MOBILE, Ala. (WALA) – Opposition to tolls for the proposed $2.1 billion Mobile River bridge and Bayway project largely have focused on the bottom line – $6.
But a supplemental environmental impact statement filed by the Alabama Department of Transportation shows that the true cost could be as high as $9 for drivers who have not installed a transponder device on their vehicles. The document contains a provision allowing for the private group that will be selected next year to build and maintain the system to include a 50 percent surcharge on tolls.
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“The surcharge? It has been available on all of our documents, yes,” said project spokeswoman Allison Gregg.
But Gregg acknowledged that ALDOT officials have not highlighted that extra cost.
“To my knowledge, we have not discussed in public, but the information is available,” she said.
As the surcharge becomes more widely known, it likely only will add to the intense opposition in Mobile and Baldwin counties. It took some area residents by surprise when FOX10 News informed them of the surcharge.
“No, I was not aware of that,” said Baldwin County resident Celia Waters, who was attending a recent town hall meeting hosted by U.S. Rep. Bradley Byrne (R-Fairhope).
Waters said it is one more reason to oppose the project.
“Very aggravating to hear that,” she said. “It makes me wonder about the sincerity of the people in Montgomery. I really doubt it.”
Spanish Fort resident Larissa Goodrich agreed.
“That’s the reason we are opposed to any type of proposed tolls, because it doesn’t matter if they say six or a dollar; it can be raised,” she said.
There is a way to avoid extra fees – the purchase of a transponder for $5 to $10, which automatically will deduct funds from a prepaid account or a credit card. And drivers who buy a monthly ALGO pass for $90 will get unlimited use of the 10-mile system. That equates to a toll of about $2.25 for commuters who make one round-trip each workday.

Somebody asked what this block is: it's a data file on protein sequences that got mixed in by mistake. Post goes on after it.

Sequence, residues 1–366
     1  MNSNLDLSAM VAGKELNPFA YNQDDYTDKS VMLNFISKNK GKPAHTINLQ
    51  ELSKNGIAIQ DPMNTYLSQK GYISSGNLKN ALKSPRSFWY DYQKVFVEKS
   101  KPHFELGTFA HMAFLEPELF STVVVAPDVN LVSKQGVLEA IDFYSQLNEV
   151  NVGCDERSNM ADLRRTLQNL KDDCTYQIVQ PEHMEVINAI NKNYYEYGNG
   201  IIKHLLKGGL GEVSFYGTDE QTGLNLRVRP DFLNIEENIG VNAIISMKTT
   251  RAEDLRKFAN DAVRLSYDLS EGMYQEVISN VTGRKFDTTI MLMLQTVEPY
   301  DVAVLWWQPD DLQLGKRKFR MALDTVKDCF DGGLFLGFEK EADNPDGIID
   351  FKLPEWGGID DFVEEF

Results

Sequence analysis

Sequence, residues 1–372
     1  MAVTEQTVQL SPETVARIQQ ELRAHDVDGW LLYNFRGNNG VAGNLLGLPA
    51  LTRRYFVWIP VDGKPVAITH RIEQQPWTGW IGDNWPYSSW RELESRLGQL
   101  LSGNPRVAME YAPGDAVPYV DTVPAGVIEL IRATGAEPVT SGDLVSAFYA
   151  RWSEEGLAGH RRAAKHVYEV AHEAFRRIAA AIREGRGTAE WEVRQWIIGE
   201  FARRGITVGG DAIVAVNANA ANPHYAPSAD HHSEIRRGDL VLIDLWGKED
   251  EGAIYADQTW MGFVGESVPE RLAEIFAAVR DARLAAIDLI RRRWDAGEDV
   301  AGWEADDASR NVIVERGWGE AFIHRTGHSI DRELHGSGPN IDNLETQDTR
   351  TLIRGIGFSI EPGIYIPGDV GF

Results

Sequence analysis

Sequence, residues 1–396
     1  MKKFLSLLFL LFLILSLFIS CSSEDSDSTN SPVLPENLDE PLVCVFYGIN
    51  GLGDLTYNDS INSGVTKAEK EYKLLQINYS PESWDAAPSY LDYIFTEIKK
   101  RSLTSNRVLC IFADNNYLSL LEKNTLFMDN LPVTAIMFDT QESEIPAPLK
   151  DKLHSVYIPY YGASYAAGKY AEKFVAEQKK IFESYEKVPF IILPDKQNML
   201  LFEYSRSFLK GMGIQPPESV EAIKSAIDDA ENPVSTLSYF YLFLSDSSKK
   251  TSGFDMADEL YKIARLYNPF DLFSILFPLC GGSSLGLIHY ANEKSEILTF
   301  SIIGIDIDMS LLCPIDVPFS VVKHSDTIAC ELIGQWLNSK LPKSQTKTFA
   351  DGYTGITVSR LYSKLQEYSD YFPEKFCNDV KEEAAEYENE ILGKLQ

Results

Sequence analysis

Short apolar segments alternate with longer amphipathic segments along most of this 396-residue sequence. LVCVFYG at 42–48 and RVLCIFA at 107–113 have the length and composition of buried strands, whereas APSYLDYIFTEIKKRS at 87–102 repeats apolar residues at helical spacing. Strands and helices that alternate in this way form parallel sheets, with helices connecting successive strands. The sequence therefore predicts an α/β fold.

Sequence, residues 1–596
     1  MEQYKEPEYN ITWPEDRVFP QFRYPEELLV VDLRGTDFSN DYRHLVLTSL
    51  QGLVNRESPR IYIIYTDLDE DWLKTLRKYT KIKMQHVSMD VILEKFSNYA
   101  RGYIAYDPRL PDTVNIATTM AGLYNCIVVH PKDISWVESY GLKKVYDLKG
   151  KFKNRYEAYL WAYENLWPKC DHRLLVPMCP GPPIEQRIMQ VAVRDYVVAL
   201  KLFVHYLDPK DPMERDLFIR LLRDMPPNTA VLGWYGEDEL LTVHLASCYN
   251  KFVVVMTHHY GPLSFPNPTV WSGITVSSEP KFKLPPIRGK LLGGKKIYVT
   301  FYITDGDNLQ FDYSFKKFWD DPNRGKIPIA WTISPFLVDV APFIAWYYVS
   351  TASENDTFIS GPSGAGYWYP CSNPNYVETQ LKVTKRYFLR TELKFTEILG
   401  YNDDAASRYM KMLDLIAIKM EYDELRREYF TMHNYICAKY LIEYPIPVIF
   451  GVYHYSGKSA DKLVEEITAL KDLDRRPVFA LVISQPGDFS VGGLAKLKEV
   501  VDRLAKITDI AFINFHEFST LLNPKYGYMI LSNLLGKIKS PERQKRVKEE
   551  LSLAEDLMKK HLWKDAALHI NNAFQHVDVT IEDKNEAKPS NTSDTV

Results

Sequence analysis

Baldwin County gas station owner Kevin Spriggs, who has helped spearhead opposition to the toll project, said no discount is going to satisfy commuters.
“The reaction from just about every elected official I’ve talked to, as well as, you know, everyday working people is that, no way do they want a toll of any kind for any reason,” he said.
Officials contend the surcharge is necessary because of the difficulty of collecting tolls from drivers who do not buy the transponder. In order to keep traffic moving on Interstate 10, the new six-lane bridge and expanded Bayway will not have tollbooths or an option of paying cash.
Instead, people without transponders will be charged through toll-by-plate technology that uses gantries to take photos of license plates and then sends bills through the mail to the vehicle owners.
Drivers will be charged for each segment of the 10-mile route they drive. A one-way trip across the entire length between Daphne and the Virginia Street interchange in Mobile – using either the new bridge or the existing Wallace Tunnel – will cost $6. Drivers going only part of the way will pay less. But bills sent through the mail will, at the private company’s determination, include the 50 percent surcharge.
ALDOT expects to lose a lot of revenue from unpaid tolls and from vehicles that whiz past the toll points without the cameras getting a clean shot of the plates. In industry parlance, that lost revenue is “leakage,” and it could be substantial.
An ALDOT traffic study last year estimated that $141.9 million would go uncollected during the first 10 years of operation. That’s more than the administrative costs of running the system and almost 9.5 percent of total projected revenue.
State officials expect the leakage rate to diminish over time as more drivers buy transponders to take advantage of the discount. Agreements allowing residents of other states to use their toll passes, such as Florida’s Sun Pass and Georgia’s Peach Pass, also are a possibility.
“Leakage is something we are researching and pulling in best practices from other states who have gone through this before, so that we make sure those who use the alignment, pay for it,” Gregg said.
Other states that use electronic tolling have confronted the issue.
Maryland officials say more than 500,000 out-of-state drivers own more than $100 million in unpaid tolls. A new law that took effect there last month allows state officials to turn over those debts to a collection agency.
Pennsylvania authorities last year brought criminal charges against some drivers, including a woman named Lori Yearick, whom prosecutors accused of taking 1,645 trips on the Pennsylvania Turnpike without paying tolls. Authorities said she racked up $92,000 in delinquent tolls and penalties. She pleaded guilty last year, agreeing to pay a $12,500 fine and perform community service.
The bridge at the end of the Foley Beach Express in Orange Beach also imposes a surcharge on drivers who use one of the cashless lanes. That charge is $5 unless the driver has a prepaid account. Many download the ALToll-by-Plate app on their cell phones to avoid the fee, according to administrators.
Because a private company owns the bridge, it would not discuss toll collection data in detail.
But American Roads LLC CEO Neal Belitsky told FOX10 News in an email that “our toll by plate payments fall within national norms.”